If only that were still true. If you happen to know any such ancient crones are still around and could teach me the art, please let me know. I can think of worse fates than ending up making a living by selling weather charms. But though the magical art of conjuring the weather has been lost almost everywhere, it’s exactly the type of thing I try to revive in my writing. For surely that is the gift of writers – creating worlds where all things are possible.

by Lu Hersey
Book: Deep Water
Twitter: @LuWrites

Friday, 17 November 2017

Seven Habits of a Highly Distracted Writer

Life gets in the way of living. And it definitely gets in the way of writing, simply because the business of writing involves more than writing. Today’s writers are not just writers, they are publicists, video editors, trailer makers, website builders, social media junkies and sometimes even cashiers at the till when selling books at events. So it’s no surprise that writing time needs to be protected with a fierce loyalty to creativity.

But often when the writing isn’t going well – either because the work in progress is stuck in the middle, the protagonist is acting like a toddler throwing tantrums or new ideas keep edging the work in progress out of the way. When the writing doesn’t seem to happen, I follow what I call the SEVEN HABITS OF A HIGHLY DISTRACTED WRITER.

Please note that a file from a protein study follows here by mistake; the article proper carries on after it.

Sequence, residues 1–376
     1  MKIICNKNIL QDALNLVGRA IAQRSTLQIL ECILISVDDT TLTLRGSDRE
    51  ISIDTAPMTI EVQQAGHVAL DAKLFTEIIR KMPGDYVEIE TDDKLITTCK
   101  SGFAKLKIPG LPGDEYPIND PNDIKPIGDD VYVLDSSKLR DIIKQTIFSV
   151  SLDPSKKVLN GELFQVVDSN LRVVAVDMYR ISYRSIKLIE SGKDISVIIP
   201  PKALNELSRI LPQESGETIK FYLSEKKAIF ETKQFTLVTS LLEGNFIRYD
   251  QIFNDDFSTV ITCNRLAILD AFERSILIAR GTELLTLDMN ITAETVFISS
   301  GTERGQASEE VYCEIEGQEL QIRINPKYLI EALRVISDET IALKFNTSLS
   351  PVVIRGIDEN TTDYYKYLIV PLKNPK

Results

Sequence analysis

Habit 1: Do Housework
I hardly do housework when the writing is going well. This is why I have a dozen plates, three dozen spoons and innumerable number of outfits, because washing up and laundry needs to wait. I often step over piles of shoes and mounds of clothes to reach over to my laptop. So when the writing isn’t going well, I suddenly realise I’m living in a dangerous zone full of tripping hazards from shoes and smelly hazards from the green thing that’s growing in my coffee-mug. So I get down to housework and the routine (read boring) nature of the cleaning up rests my creative brain so it could recover its energy soon.

Habit 2: Go on a Photography Trail
Having done all the housework, if the writing still hasn’t returned to its full productive mode, I grab my camera and set off into the sunset to take random photos for my Instagram feed. I do B&W challenges (more than once), take photos of what I’m cooking to what came through the post and whatever else takes my fancy. Changing the medium of expression, looking at angles and colour and light, again inspires the brain and nudges into creative mode again.

Habit 3: Arrange my Bookshelf
If of course it is raining outside (I live in England, after all), then of course, I don’t wander in the cold with a camera on hand. I arrange and re-arrange the books into categories, topics, age-range and sometimes even by colour. Then I imagine a new bookshelf and wander into the Pinterest world of bookshelf design and I find myself getting lost in the maze.